Spivak Law Firm | Pittsburgh, PA

Based in Pittsburgh, PA

412-344-4900

Spivak Law Firm is BBB Accredited

Brookline Child Custody Lawyers

High-Conflict Divorce

Most divorce cases are settled by negotiation without need to go to court or stand before a judge.

But some high-conflict cases make settlement impossible.

Spouses may disagree on everything from how to divide the marital estate to the child custody schedule or how much child support or spousal support should be paid.

In such cases, the spouses may engage in multiple motions, hearings or trials before the divorce can be finalized.

There may also be need to undergo discovery – the formal court process for obtaining important information needed for trial. In divorce cases, discovery may be necessary to obtain key financial documents.

Spivak Law Firm has extensive experience in high-conflict divorce and child custody. To schedule a consultation, call Spivak Law Firm at (412) 344-4900 or toll free at (800) 545-9390.

Divorce Rates Increase Due to Politics, Economy

Current political divisions have taken a toll on many relationships.

Family law attorneys and mental health professionals attest to an uptick in separation and divorce based at least partially on political differences.

Economic woes have also contributed to high stress levels experienced by many families, as fallout from the COVID-19 pandemic includes high rates of unemployment in many industries.

Spivak Law Firm provides strong, compassionate, cost-effective representation in all family law matters, including: divorce, child custody, child support, spousal support, division of assets and debts, estate planning, and Protection From Abuse (PFA).

To schedule a consultation, call Spivak Law Firm at (412) 344-4900 or toll free at (800) 545-9390.

Guidance for Parents Seeking a Divorce

Parents who wish to get a divorce typically have four major issues to resolve.

First, you must determine how to divide time with your children. This is known as child custody. Many parents equally share custody of their children, though there may be reasons for one parent to serve as the primary caregiver.

Second, you must determine if either parent is eligible to receive financial assistance. This may come in the form of child support or spousal support. Child support will be paid until all the minor children turn 18 or graduate from high school. Spousal support may end when the divorce is resolved or, in some cases, continue even after the divorce in the form of alimony.

Third, you must divide the marital estate by determining the values for all assets and debts accumulated during the marriage. Assigning values to some assets can prove complicated. For instance, appraisals may be necessary to determine the value of the marital residence, family business, or retirement accounts.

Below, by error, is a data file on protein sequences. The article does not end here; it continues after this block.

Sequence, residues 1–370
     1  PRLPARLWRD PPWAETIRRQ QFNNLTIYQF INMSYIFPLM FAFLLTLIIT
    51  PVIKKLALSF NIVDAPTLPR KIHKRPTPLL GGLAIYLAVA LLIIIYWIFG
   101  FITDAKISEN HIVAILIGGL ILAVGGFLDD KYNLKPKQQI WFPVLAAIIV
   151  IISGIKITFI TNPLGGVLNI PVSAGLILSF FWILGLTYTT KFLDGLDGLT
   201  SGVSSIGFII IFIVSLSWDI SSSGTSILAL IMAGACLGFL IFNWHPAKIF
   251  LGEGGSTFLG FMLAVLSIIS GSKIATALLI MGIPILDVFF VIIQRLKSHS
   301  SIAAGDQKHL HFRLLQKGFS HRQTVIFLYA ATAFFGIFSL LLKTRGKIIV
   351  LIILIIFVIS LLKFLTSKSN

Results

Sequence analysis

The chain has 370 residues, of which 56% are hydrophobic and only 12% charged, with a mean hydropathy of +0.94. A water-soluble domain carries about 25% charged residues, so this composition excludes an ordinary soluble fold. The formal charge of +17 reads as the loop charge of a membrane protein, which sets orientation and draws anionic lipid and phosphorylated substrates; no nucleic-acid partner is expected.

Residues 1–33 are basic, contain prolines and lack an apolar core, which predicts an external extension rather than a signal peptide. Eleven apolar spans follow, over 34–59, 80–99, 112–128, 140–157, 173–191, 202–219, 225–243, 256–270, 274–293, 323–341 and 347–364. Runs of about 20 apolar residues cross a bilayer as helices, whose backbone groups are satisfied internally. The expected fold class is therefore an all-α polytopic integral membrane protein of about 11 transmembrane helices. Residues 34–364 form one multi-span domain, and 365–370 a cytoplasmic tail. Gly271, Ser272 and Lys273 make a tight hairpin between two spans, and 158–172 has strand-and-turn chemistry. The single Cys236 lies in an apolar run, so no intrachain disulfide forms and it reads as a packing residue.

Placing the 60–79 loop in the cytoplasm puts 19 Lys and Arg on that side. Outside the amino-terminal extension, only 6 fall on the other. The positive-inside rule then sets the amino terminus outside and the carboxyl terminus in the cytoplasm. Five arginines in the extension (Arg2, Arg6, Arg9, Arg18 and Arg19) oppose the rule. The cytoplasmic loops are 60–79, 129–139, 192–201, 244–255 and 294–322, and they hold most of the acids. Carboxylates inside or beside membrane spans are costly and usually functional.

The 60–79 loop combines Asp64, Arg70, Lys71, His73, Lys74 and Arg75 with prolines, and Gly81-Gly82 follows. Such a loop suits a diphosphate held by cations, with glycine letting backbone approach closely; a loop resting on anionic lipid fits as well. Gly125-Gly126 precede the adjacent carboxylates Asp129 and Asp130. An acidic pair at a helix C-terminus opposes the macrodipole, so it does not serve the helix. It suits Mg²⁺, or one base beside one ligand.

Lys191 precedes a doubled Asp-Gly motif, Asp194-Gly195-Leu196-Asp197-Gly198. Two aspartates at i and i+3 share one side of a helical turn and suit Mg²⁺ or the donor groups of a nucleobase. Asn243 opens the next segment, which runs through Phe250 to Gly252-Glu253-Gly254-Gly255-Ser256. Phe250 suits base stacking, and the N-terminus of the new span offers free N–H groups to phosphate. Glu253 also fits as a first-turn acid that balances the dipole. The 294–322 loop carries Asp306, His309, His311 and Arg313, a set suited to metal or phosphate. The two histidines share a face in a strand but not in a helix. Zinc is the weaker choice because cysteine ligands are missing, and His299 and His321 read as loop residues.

Fourth, you must obtain a decree in divorce. The decree is a legal document issued by the Court of Common Pleas in your county indicating that the divorce has been finalized. Some spouses wish to resume their maiden name when finalizing a divorce.

Spivak Law Firm handles all areas related to divorce and family law, including: child custody, child support, spousal support, alimony, division of assets and debts, name changes, and Protection From Abuse (PFA). To schedule a consultation with an experienced divorce and family law attorney, call Spivak Law Firm at (412) 344-4900 or toll free at (800) 545-9390.

Final Preparations for Divorce

When preparing for divorce, you should take stock of all your financial assets and debts.

For many families, the most significant assets include the marital residence and retirement accounts.

Other assets may include bank accounts, investment accounts, vehicles, jewelry, and furnishings.

Debts commonly include credit cards, mortgage balances, home-equity lines of credit, and student loans.

At Spivak Law Firm, we routinely help people determine the value of their marital estates and negotiate marriage settlement agreements.

To schedule a consultation, call Spivak Law Firm at (412) 344-4900 or toll free at (800) 545-9390.

Divorce Process In Pennsylvania

In Pennsylvania, most divorce cases proceed with litigation in which each spouse retains an attorney to represent his or her interest.

There are many opportunities to negotiate a settlement agreement resolving all economic claims.

If there are significant assets and debts in the marital estate, the attorneys will often engage in discovery – a formal process for obtaining all the relevant information.

Each side will file an inventory of their marital estate with the Court, then assign values to each asset and debt based on financial documentation.

If necessary, a family-court judge will attempt to mediate a settlement between the spouses. If no agreement is reached, there will be a hearing to determine a fair division of the marital estate.